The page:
Numerous n-heptane metabolites have been identified and quantified by gas chromatography and mass spectrometry in some tissues and in the urine of Sprague Dawley rats exposed for 6 h to 1800 ppm n-heptane. 2-Heptanol and 3-heptanol were the main biotransformation products of the solvent. 2-Heptanone, 3-heptanone, 4-heptanol, 2,5-heptanedione, γ-valerolactone, 2-ethyl-5-methyl-2, 3-dihydrofuran and 2,6-dimethyl-2,5-dihydropyran were also found as metabolites of n-heptane. In five shoe factory workers and in three rubber factory workers the mean exposure to technical heptane was measured (n-heptane ranged between 5 and 196 mg/m3). In the urine collected at the end of their work shift some n-heptane biotransformation products were found: 2-heptanol, 3-heptanol, 2-heptanone, 4-heptanone and 2,5-heptanedione. 2-Heptanol was the main n-heptane metabolite and its urinary concentrations ranged between 0.1 and 1.9 mg/l. Urinary 2,5-heptanedione was detectable only in some samples and at very low concentration (0.1–0.4 mg/1).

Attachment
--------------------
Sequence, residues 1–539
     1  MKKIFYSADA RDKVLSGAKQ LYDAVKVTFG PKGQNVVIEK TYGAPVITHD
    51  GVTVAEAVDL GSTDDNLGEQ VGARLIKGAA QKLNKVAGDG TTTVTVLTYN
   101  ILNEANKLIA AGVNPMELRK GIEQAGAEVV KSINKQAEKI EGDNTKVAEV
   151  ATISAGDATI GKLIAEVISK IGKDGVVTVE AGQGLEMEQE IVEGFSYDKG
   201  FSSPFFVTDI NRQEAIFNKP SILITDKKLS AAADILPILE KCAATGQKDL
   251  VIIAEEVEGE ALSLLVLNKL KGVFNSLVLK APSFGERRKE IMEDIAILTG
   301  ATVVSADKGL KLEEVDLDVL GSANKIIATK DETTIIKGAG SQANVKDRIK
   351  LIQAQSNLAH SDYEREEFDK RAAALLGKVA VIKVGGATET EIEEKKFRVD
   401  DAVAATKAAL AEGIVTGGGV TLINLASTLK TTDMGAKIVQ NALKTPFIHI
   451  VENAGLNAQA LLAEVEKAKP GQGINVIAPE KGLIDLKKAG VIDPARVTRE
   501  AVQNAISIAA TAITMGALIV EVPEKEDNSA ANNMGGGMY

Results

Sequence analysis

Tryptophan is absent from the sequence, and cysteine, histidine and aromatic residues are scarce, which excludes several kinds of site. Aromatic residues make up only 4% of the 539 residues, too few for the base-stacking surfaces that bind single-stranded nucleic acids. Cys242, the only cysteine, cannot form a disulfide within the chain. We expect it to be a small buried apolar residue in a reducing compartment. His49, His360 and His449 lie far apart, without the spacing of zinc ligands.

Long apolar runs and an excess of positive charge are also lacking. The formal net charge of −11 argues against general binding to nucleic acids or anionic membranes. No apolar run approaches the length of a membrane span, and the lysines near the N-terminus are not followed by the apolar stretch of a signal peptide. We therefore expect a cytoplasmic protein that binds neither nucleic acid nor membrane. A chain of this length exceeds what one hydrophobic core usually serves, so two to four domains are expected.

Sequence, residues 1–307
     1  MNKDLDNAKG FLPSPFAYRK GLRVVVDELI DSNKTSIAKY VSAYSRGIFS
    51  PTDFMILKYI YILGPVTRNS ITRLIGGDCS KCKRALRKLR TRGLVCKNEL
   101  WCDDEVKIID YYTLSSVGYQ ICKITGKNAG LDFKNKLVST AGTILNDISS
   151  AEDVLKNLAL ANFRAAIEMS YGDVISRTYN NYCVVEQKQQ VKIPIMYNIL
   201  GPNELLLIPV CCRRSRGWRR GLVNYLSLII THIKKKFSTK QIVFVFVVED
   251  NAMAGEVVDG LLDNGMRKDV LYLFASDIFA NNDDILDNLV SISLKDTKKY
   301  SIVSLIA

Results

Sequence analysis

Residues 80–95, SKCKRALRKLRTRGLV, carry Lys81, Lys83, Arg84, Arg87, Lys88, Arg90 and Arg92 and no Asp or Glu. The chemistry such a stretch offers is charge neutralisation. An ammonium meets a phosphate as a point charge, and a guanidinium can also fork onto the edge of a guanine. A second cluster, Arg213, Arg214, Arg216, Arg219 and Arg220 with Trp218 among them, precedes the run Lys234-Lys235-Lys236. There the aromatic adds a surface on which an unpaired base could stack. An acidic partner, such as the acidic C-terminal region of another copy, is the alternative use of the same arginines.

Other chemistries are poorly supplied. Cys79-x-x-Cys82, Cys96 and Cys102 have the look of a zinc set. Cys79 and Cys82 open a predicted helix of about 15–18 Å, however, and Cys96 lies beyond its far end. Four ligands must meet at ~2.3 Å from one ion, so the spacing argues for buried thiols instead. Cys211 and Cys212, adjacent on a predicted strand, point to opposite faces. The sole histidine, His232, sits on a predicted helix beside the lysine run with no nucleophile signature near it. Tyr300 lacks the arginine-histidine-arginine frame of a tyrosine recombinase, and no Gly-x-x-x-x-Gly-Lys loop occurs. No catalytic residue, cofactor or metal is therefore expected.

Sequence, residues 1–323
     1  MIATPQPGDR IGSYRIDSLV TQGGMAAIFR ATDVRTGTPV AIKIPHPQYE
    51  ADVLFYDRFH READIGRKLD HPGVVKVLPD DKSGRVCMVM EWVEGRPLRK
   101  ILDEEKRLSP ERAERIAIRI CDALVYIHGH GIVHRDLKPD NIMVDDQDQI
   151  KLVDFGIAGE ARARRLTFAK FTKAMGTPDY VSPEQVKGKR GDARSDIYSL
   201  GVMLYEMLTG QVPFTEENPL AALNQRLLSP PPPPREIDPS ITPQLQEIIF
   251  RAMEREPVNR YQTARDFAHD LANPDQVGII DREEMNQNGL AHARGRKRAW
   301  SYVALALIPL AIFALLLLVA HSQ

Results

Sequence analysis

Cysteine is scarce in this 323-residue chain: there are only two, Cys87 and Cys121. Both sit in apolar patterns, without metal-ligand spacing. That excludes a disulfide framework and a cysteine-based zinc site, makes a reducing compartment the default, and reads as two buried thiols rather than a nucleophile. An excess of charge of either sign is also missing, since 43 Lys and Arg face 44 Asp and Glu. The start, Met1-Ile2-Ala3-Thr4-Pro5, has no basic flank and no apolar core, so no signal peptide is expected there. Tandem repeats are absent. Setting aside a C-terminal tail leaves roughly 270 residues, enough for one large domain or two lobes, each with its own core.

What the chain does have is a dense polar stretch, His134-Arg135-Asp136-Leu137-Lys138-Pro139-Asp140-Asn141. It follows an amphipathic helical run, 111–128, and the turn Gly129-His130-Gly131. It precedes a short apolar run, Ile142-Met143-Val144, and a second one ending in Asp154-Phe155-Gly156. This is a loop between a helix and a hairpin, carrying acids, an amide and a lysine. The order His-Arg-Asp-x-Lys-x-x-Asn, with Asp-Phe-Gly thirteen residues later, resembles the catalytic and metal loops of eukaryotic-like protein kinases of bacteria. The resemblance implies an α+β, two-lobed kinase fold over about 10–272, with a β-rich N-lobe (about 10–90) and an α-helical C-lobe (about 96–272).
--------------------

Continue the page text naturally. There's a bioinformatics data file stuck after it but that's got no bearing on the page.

These data suggest that n-heptane can be considered as a neurotoxic product, since it gives rise to 2,5-heptanedione, but the small amount of the urinary metabolite is very unlikely to cause clinical damage to the peripheral nervous system.